5.7. Digest Authentication
A halfway house between complete encryption and none at all is digest authentication. The idea is that a one-way hash, or digest, is calculated from a password and various other bits of information. Rather than sending the password, as is done in basic authentication, the digest is sent. At the other end, the same function is calculated: if the numbers are not identical, something is wrong -- and in this case, since all other factors should be the same, the "something" must be the password.
Digest authentication is applied in Apache to improve the security of passwords. MD5 is a cryptographic hash function written by Ronald Rivest and distributed free by RSA Data Security; with its help, the client and server use the hash of the password and other stuff. The point of this is that although many passwords lead to the same hash value, there is a very small chance that a wrong password will give the right hash value, if the hash function is intelligently chosen; it is also very difficult to construct a password leading to the same hash value (which is why these are sometimes referred to as one-way hashes ). The advantage of using the hash value is that the password itself is not sent to the server, so it isn't visible to the Bad Guys. Just to make things more tiresome for them, MD5 adds a few other things into the mix: the URI, the method, and a nonce. A nonce is simply a number chosen by the server and told to the client, usually different each time. It ensures that the digest is different each time and protects against replay attacks. The digest function looks like this:
This plugs a nasty hole in the Internet's security. Almost unbelievably, the authentication procedures discussed up to now send the user's password in clear text across the Web. A Bad Guy who intercepts the Internet traffic then knows the user's password. This is a Bad Thing. So, digest authentication works this way:
A different nonce is sent the next time, so that the Bad Guy can't use the captured digest to gain access.
MD5 digest authentication is implemented in Apache for two reasons. First, it provides one of the two fully compliant reference HTTP/1.1 implementations required for the standard to advance down the standards track; second, it provides a test bed for browser implementations. It should only be used for experimental purposes, particularly since it makes no effort to check that the returned nonce is the same as the one it chose in the first place. This makes it susceptible to a replay attack.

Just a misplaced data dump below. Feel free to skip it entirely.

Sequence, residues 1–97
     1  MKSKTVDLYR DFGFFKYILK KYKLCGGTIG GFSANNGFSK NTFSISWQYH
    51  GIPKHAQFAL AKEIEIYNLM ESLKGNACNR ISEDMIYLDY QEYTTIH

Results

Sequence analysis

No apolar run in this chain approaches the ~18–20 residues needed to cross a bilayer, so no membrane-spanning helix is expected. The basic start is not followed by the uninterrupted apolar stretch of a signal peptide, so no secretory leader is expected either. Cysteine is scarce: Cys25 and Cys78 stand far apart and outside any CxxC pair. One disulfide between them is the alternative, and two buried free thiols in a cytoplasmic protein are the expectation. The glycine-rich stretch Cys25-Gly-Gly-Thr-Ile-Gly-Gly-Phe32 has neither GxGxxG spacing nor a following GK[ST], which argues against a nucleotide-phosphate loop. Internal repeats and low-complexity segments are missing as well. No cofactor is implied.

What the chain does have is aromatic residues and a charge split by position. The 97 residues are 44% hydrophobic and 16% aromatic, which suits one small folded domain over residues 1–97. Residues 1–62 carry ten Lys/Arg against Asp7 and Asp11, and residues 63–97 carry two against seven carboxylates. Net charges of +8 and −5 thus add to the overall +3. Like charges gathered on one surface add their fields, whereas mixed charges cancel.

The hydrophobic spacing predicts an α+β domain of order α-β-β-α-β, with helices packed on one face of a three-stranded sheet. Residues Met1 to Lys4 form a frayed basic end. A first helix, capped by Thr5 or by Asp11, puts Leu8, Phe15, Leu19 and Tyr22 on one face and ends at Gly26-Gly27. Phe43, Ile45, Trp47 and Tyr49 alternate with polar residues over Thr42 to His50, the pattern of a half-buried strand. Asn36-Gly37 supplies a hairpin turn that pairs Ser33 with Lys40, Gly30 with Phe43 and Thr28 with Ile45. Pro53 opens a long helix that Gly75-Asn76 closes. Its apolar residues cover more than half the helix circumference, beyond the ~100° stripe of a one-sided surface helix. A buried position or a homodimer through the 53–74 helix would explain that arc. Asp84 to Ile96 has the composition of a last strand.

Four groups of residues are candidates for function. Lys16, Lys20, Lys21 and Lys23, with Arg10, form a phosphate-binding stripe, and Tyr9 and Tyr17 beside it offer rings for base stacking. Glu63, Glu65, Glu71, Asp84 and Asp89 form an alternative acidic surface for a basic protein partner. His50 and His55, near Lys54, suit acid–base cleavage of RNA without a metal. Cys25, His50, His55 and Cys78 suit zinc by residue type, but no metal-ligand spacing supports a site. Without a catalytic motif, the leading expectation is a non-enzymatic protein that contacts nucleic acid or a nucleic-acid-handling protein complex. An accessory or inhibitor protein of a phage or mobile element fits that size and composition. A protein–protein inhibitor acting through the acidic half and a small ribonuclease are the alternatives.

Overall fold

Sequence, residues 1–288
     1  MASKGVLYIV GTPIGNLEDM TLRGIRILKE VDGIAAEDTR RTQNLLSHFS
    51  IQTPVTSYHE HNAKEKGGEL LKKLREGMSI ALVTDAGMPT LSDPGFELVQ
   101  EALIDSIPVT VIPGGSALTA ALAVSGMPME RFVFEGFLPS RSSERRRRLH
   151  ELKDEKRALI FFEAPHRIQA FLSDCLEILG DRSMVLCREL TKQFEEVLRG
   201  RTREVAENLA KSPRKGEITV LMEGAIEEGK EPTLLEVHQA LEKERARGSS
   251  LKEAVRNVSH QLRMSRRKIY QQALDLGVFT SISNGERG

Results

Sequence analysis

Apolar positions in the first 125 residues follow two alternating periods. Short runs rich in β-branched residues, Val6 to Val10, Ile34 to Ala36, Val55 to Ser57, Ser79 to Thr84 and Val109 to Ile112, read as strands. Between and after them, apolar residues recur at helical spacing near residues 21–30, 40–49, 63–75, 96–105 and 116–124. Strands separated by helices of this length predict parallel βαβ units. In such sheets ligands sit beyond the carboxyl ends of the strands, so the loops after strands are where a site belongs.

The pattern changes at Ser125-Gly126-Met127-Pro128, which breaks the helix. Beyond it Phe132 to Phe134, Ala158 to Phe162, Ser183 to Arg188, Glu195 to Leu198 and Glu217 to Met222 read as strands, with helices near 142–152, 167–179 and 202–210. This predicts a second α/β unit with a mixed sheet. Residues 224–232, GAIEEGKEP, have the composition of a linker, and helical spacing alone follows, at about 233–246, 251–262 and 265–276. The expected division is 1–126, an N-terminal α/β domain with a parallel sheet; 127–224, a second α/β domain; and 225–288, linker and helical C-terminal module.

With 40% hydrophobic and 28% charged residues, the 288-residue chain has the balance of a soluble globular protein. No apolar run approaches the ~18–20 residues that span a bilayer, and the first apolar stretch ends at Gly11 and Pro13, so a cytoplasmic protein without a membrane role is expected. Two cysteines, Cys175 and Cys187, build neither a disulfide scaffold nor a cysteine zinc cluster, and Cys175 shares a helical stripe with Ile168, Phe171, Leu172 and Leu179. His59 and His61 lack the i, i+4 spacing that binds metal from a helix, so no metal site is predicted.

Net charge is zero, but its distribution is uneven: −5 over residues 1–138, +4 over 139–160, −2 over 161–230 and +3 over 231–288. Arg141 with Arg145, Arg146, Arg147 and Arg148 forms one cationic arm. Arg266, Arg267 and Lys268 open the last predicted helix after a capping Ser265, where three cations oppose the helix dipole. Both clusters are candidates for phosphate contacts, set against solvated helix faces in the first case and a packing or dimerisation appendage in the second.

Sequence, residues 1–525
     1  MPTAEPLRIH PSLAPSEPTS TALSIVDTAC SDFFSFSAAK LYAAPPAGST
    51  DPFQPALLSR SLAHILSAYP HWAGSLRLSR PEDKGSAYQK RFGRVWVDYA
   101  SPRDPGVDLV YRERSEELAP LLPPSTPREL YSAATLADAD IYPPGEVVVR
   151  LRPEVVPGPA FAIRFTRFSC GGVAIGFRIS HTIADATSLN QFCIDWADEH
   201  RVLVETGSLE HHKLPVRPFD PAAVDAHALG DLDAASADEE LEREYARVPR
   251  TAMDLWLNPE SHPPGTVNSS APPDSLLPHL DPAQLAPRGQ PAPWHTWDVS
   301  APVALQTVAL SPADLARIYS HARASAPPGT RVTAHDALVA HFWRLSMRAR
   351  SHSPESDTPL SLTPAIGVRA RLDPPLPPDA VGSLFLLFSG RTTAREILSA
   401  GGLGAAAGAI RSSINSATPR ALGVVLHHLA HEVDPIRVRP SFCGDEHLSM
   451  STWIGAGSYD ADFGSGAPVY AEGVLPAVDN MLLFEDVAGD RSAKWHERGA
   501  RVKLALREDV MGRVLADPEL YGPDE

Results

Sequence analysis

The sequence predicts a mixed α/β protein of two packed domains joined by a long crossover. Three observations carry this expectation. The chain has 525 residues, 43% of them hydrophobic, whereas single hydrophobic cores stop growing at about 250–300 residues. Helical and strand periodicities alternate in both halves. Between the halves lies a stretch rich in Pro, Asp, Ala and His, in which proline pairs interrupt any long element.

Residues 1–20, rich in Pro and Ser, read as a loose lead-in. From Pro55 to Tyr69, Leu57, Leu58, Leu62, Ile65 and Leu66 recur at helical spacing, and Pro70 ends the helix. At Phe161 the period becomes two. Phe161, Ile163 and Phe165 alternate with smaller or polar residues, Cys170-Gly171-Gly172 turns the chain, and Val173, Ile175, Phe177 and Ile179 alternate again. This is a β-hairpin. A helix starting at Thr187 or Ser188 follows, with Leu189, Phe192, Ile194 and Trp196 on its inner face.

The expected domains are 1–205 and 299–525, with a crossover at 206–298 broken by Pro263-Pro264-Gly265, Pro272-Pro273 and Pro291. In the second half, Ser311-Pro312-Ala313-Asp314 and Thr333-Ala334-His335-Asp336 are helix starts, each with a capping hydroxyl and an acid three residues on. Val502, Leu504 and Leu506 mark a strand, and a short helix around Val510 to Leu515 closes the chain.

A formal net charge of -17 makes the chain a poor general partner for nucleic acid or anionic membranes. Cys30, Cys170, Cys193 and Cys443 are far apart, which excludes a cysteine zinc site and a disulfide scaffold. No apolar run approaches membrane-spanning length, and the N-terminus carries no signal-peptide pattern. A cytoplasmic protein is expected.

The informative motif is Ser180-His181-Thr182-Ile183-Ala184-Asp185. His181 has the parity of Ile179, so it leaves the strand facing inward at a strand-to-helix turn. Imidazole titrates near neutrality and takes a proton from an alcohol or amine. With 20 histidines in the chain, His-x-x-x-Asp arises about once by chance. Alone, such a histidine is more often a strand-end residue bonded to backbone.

User webuser Group webgroup ServerName www.butterthlies.com ServerAdmin firstname.lastname@example.org DocumentRoot /usr/www/site.digest/htdocs/customers ErrorLog /usr/www/site.digest/logs/customers/error_log TransferLog /usr/www/site.digest/logs/customers/access_log ScriptAlias /cgi-bin /usr/www/cgi-bin <VirtualHost sales.butterthlies.com> ServerAdmin email@example.com DocumentRoot /usr/www/site.digest/htdocs/salesmen ServerName sales.butterthlies.com ErrorLog /usr/www/site.digest/logs/salesmen/error_log TransferLog /usr/www/site.digest/logs/salesmen/access_log ScriptAlias /cgi-bin /usr/www/cgi-bin <Directory /usr/www/site.digest/htdocs/salesmen> AuthType Digest AuthName darkness AuthDigestFile /usr/www/ok_digest/sales require valid-user #require group cleaners </Directory> </VirtualHost>
Go to the Configuration file (see Chapter 1, "Getting Started" ). If the line:
Module digest_module mod_digest.o
is commented out, uncomment it and remake Apache as described previously. Go to the Apache support directory and type:
% make htdigest % cp htdigest /usr/local/bin
% htdigest [-c]passwordfile realm user
Go to /usr/www (or some other appropriate spot) and make the ok_digest directory and contents:
% mkdir ok_digest % cd ok_digest % htdigest -c sales darkness bill Adding password for user bill in realm darkness. New password: password Re-type new password: password % htdigest sales darkness ben ... % htdigest sales darkness sonia ... % htdigest sales darkness daphne ...
appeared in the Config file, the error log contained the following entry:
client used wrong authentication scheme
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